Drone Flying Insurance Information


When someone buys a drone for themselves or their children, the last thing they are thinking about is purchasing drone insurance. But you have to consider the risks involved with flying drones, even the smaller recreational ones. If the ground pilot loses control of their drone then it could crash into a car or a person. The regulations surrounding recreational drones are still fairly lax. There are currently no laws requiring people to get a license to fly a drone. This means amateurs could be flying drones while increasing the risk of a drone accident. If the drone were to damage someone’s property or another person then the owner of the drone would likely get sued by the victim in civil court. The only way the owner can stay financially protected in this situation is if they have insurance to cover their end. That is why drone insurance is being taken more seriously by drone buyers.

As of right now, the only organization that sells insurance policies to drone hobbyists is the Academy of Model Aeronautics. Adult pilots only have to pay $75 per year to get drone insurance coverage. There are currently 185,000 members in the group but the number is only growing as more people learn about the organization. Members receive personal liability coverage in the amount of $2.5 million and medical coverage in the amount of $25,000. This is a pretty good deal for $75 per year. Plus, you have to consider what the victim’s insurance policies will cover. There are many home insurance policy providers, like Allstate, which will insure the damage done to a person’s home that was caused by someone else’s drone. However, if you damage your own home with your drone then policies like these will not insure the damage. As for other home and car insurers, their policies have varying rules when it comes to damages caused by drones. But as drones become more popular in our society, these policies are bound to have revisions made which cover drone damages as well.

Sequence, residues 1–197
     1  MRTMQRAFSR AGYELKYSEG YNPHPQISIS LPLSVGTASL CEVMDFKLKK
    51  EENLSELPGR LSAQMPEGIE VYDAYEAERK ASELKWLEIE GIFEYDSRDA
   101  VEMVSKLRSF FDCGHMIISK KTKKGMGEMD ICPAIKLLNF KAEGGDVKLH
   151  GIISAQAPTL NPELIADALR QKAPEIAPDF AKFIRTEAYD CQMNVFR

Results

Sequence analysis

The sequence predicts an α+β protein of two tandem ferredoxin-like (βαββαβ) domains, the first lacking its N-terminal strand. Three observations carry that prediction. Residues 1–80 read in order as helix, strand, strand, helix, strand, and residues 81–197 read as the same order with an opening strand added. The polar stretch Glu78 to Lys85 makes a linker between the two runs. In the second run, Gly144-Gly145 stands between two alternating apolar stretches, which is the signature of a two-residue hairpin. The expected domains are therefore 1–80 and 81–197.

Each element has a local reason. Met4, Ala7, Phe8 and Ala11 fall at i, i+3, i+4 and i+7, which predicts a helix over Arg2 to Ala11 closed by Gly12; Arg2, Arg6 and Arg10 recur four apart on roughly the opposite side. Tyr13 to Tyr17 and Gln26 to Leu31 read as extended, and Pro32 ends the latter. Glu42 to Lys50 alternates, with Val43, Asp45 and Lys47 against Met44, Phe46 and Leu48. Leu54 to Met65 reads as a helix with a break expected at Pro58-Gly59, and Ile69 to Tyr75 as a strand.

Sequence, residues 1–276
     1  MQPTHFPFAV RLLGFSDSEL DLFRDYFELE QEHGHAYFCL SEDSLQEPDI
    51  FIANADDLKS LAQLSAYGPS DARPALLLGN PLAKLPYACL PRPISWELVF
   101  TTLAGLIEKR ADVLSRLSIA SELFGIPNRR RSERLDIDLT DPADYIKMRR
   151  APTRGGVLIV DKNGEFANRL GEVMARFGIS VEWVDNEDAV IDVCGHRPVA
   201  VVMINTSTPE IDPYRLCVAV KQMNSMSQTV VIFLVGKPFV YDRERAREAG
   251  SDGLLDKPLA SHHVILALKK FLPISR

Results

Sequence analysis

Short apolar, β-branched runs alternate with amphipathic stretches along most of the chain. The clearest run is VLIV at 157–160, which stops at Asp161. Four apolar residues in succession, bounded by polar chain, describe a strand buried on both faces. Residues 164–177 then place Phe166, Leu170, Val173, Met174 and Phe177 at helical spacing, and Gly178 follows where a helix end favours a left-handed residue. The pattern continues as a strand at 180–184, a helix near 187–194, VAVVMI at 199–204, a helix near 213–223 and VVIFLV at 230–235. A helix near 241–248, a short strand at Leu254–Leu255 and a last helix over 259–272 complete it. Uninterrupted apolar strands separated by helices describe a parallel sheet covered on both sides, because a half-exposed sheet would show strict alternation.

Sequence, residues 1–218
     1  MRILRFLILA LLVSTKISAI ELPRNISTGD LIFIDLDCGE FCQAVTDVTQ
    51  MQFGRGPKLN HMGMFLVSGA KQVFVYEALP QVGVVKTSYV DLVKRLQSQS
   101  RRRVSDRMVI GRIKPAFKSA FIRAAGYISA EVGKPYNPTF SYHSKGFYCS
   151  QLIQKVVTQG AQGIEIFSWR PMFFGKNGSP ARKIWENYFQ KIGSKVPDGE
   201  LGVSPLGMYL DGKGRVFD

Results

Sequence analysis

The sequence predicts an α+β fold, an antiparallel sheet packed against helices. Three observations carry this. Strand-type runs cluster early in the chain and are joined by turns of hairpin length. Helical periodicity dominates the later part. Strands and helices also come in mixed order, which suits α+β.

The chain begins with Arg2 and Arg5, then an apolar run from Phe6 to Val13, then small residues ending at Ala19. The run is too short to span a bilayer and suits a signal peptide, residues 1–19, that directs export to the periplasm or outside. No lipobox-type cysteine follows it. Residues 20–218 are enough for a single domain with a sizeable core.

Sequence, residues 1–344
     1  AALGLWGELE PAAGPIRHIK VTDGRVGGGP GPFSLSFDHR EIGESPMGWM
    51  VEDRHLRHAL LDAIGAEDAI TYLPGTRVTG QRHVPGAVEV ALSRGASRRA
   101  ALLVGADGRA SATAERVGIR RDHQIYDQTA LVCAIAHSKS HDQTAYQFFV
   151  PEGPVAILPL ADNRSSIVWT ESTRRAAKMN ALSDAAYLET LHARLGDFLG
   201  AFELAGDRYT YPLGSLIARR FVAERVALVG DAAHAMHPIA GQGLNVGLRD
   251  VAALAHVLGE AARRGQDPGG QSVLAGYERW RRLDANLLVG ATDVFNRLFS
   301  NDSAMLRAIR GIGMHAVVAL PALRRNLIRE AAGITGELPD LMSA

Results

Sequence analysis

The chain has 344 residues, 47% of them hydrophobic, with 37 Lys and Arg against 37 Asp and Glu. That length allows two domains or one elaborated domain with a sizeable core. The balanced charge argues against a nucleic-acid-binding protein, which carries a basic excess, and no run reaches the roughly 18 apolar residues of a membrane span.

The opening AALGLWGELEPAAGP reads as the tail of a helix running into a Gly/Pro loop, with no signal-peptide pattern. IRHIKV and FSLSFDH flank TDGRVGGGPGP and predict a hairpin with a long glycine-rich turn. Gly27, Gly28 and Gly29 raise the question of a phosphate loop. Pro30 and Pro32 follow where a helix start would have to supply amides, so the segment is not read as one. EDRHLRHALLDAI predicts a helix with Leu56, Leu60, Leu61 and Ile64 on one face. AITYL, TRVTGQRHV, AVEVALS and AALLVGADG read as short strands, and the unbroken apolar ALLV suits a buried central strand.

There haven’t been any serious accidents with hobby drones reported yet. Most of the claims filed by insured drone hobbyists have been small claims. These are incidents where drones crashed into cars or into windows of people’s homes. You might think this is a big deal but you have to remember that most hobby drones weigh less than two pounds. They also don’t fly very fast either. You could cause more damage throwing a football into a window than flying a drone into a window. The only real reason to purchase insurance would be in case you injure a person with your drone. Otherwise, you shouldn’t worry too much about it. Just get experienced with flying your drone by practicing your skills in an open secluded area. Then you will know how to handle the drone when flying it in a populated area.